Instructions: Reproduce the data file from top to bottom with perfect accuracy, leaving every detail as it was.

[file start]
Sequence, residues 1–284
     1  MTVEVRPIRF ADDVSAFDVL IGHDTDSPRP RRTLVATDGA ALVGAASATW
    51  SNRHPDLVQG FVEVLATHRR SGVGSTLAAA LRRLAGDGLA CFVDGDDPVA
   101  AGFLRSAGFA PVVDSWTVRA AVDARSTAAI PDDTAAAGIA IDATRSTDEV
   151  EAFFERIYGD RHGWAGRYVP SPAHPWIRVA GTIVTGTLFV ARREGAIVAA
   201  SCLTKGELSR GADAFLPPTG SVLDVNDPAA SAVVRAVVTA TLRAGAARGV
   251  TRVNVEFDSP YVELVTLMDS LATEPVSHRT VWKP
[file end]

Sequence, residues 1–284
     1  MTVEVRPIRF ADDVSAFDVL IGHDTDSPRP RRTLVATDGA ALVGAASATW
    51  SNRHPDLVQG FVEVLATHRR SGVGSTLAAA LRRLAGDGLA CFVDGDDPVA
   101  AGFLRSAGFA PVVDSWTVRA AVDARSTAAI PDDTAAAGIA IDATRSTDEV
   151  EAFFERIYGD RHGWAGRYVP SPAHPWIRVA GTIVTGTLFV ARREGAIVAA
   201  SCLTKGELSR GADAFLPPTG SVLDVNDPAA SAVVRAVVTA TLRAGAARGV
   251  TRVNVEFDSP YVELVTLMDS LATEPVSHRT VWKP